Oil accounts for about 30% of Syria's income.
Source: Press TV
The European Union has finally bowed to pressure from the US, stepping up sanctions against Syria by banning imports of its oil.
The latest sanctions cover the purchase, import and transport of oil and other petroleum products from Syria, which accounts for about 30% of the country's currency earnings.
The EU also has banned European banks from opening credit lines for such sales, and prohibited insurance companies from insuring the cargos. The EU oil embargo, which was adopted on Friday, will take effect from Saturday.
About 95% of Syria's oil exports go to Europe.
Washington had repeatedly called on countries with close economic ties with Syria to join the US-backed sanctions against the country in response to what it called the Damascus crackdown on protesters.
The US has already banned the import of Syrian oil. Syria, however, says it will find buyers elsewhere.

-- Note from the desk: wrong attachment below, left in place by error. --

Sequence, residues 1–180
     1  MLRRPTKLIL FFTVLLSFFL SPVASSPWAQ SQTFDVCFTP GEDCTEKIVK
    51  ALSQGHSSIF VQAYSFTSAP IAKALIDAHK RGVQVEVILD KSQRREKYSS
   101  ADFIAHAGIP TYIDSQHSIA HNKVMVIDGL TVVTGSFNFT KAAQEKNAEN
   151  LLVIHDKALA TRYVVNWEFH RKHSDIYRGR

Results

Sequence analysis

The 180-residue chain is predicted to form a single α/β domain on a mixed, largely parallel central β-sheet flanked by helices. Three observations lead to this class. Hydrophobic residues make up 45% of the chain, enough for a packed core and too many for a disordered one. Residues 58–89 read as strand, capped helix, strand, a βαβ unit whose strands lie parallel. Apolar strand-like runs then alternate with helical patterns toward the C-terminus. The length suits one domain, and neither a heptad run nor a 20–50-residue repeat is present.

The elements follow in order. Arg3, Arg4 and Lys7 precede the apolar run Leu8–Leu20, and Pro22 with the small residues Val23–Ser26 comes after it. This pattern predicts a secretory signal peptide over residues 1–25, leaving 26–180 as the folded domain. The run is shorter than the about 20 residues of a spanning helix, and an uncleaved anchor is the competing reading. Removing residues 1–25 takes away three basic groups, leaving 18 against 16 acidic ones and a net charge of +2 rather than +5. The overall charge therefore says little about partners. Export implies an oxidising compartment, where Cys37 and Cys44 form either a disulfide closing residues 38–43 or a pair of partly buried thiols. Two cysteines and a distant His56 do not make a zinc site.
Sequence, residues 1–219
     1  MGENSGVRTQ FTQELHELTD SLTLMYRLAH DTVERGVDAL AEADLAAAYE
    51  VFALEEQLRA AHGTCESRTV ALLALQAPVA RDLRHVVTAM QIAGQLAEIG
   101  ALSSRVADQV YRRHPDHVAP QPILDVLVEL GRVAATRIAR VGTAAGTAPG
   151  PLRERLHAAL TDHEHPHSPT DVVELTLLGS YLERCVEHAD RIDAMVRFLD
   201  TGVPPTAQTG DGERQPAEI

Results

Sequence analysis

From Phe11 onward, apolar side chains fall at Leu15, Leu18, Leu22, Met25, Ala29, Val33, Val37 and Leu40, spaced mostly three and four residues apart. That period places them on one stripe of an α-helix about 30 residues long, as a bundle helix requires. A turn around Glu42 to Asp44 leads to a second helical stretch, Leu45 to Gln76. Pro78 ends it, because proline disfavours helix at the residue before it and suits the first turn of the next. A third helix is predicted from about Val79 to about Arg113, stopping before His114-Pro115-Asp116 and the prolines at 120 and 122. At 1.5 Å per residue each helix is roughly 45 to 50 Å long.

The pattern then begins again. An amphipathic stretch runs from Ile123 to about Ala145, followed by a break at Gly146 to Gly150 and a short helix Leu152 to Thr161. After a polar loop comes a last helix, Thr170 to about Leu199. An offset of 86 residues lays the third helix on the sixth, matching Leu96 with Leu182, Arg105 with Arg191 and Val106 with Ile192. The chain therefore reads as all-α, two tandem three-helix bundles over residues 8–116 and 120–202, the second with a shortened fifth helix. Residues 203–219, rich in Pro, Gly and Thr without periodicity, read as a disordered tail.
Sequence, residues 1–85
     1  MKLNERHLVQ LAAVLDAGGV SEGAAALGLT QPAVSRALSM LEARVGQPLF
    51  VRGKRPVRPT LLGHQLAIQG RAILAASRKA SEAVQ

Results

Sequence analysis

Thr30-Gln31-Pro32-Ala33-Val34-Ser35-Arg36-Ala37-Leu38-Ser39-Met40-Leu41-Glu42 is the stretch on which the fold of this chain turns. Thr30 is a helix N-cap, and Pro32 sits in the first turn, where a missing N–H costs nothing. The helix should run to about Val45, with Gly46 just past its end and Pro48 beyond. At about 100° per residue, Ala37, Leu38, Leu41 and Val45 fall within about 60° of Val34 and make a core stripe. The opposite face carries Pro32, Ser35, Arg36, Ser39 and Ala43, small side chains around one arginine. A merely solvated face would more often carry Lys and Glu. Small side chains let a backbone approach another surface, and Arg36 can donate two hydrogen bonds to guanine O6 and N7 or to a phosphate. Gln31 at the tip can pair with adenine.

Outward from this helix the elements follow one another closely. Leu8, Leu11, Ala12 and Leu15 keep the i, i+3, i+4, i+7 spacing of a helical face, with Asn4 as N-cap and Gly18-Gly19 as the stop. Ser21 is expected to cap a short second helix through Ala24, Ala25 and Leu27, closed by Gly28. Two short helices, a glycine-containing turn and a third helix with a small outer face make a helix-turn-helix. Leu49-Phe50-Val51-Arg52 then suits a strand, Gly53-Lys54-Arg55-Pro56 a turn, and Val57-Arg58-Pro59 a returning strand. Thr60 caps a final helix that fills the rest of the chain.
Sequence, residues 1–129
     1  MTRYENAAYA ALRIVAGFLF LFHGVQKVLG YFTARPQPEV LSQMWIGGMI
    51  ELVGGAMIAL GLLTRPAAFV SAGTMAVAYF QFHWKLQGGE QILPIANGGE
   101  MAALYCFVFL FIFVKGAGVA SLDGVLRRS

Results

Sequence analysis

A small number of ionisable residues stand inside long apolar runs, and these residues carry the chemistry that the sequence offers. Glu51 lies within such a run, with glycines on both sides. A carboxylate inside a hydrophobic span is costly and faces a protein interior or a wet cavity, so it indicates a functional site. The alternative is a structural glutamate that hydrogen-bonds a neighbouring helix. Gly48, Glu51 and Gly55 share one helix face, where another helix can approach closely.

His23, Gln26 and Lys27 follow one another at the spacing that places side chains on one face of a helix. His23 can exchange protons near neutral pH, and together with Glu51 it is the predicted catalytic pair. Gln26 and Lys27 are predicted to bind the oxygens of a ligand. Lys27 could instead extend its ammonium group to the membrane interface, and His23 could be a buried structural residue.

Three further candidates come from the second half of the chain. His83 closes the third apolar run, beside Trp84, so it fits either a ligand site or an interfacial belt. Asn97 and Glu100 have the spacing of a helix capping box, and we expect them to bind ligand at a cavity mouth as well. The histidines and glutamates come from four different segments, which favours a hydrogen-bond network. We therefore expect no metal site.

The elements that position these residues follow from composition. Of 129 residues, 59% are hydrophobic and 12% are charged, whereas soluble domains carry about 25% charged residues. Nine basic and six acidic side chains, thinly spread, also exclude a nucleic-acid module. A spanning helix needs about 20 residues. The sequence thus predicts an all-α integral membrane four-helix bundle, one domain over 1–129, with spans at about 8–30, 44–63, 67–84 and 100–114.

The EU has also added four more Syrian officials and three Syrian firms, including a bank, to its list of those affected by the EU travel ban and asset freeze.
Syria has been experiencing unrest since mid-March, with demonstrations held both against and in support of President Bashar al-Assad's government.
Hundreds of people have been killed when some protest rallies turned into armed clashes between alleged protesters and state security forces as well as organized attacks by armed gangs against Syrian police forces.
While the opposition accuses security forces of being behind the killings, the government blames outlaws, saboteurs and armed terrorist groups for the deadly violence, stressing that the unrest is being orchestrated from abroad.